Please try to pay attention if you’re going to interject, particularly when you’re interjecting after someone requested clarification (from someone else). I’m not going to spend endless time explaining things to you (I’ve done way more than enough of that on the central point re: “tax expenditures”, a term I’m just using for shorthand, not to spark yet another round of utter confusion and a giant detour to irrelevancy on your part). But in short, you are missing that AMT, although still quite unclear, seems to have been referring to some equivalency he claimed that advocates of reducing “tax expenditures” were implying or trying to get others to think or which was supposedly an unstated premise of theirs. I’ve asked him to clarify what equivalency he’s talking about, and from what I can tell the equivalency he may be referring to is a strange thing to attribute to people just because they prefer one policy over another. But it seems you’re not getting any of this.

  30. comment number 30 by: SteveinCH

    Thanks Brooks.

    Points for being you : )

    Long, confusing and obnoxious.

  31. comment number 31 by: AMTbuff

    Brooks, people have told me many times that I write very clearly. Please re-read as necessary and I think you’ll understand what I wrote. It may not be precisely in the format and terminology you prefer to see, but it’s in concise English. I’m sure that it is crystal clear to everyone except you. If you don’t believe that, ask for a straw poll.

  32. comment number 32 by: Brooks

    Steve,

    Believe me, the fact that you are confused by something I said most certainly does not mean — or even make it more likely — that I said anything at all confusing.

    And as I’ve said before, quite often my comments grow long in proportion to how many of your non sequiturs, irrelevancies, and other assorted errors I need to correct, explain, and try to guide you away from and toward something that makes some sense.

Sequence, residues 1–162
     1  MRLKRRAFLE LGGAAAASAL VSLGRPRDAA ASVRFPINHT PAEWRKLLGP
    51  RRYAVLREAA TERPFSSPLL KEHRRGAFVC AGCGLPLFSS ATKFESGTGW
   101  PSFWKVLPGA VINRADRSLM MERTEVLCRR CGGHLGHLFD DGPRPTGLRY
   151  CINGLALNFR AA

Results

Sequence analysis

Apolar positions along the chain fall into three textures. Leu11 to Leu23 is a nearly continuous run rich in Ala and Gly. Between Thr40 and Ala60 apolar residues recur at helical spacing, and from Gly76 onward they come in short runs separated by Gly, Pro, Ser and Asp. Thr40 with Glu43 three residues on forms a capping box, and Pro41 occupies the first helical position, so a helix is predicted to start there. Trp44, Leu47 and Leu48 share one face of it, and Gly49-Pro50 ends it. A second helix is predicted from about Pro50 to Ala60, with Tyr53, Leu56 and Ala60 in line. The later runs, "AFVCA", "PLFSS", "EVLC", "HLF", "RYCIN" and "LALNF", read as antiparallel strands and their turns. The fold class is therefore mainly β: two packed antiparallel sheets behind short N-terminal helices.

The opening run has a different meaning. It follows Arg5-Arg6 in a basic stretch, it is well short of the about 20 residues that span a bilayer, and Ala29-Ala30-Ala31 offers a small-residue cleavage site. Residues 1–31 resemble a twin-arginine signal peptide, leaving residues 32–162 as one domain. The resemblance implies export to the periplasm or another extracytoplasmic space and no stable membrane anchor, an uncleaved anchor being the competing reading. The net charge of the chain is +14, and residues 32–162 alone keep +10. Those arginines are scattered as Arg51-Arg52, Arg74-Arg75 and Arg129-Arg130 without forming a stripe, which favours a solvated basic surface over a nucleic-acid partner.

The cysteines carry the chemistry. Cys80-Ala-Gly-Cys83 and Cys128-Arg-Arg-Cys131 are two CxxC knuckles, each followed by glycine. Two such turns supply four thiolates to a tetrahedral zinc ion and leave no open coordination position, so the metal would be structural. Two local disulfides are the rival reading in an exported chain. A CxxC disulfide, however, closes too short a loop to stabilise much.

But you’re right about my comment being obnoxious, so you’re at least 1 for 3 this time.

  33. comment number 33 by: Brooks

    AMT,

    Hey, I’ve asked you to clarify what you were claiming those advocates were equating to what, and because you still wouldn’t I asked about particular distinctions that I speculated were possibilities. In the end my best guess was that you were claiming that those advocates were implying (and/or wanted others to believe) that all the economic effects of “tax expenditures” were the same as those of any other type of spending, and I’m saying that’s a strange thing to attribute to them.

    It’s been like pulling teeth to get clarity from you on this one, regardless of whether or not you generally write clearly.

    I don’t need to see a poll, but as I’ve said, if anyone can be clearer about what you may mean than you’ve been, I’m all ears.

  34. comment number 34 by: Brooks

    AMT,

    I missed your 7:54 until now. So it seems that your point is something I speculated earlier. All you’re saying is that you think those advocates are obscuring or overlooking some differences in economic effects that you think generally (or inherently) exist between “tax expenditures” and explicit spending. Again, I don’t see why you’d attribute such a dynamic to those who advocate reducing “tax expenditures” generally, or even to those who do so for the purpose (explicit or unstated) of spending more or cutting less from explicit spending.

  35. comment number 35 by: AMTbuff

    Brooks, you are like the kid playing softball who, every time he is at bat, takes dozens of pitches until he gets exactly the pitch he wants.

    After a while the other kids ban him from their games or they just quit and go home. I’m doing the latter now.

  36. comment number 36 by: Brooks

    AMT,

    Nope. Hate to break it to ya’, but there’s a difference between your being tediously unclear vs. my insisting on something unreasonable, and this was a case of the former. I’m surely not challenged re: reading comprehension, and I certainly have no interest in spending time going back and forth with someone just to get clarity on some apparently simple matter that should be easy for one to clarify. So even your theory as to my conduct and motivation is unclear. Oh well.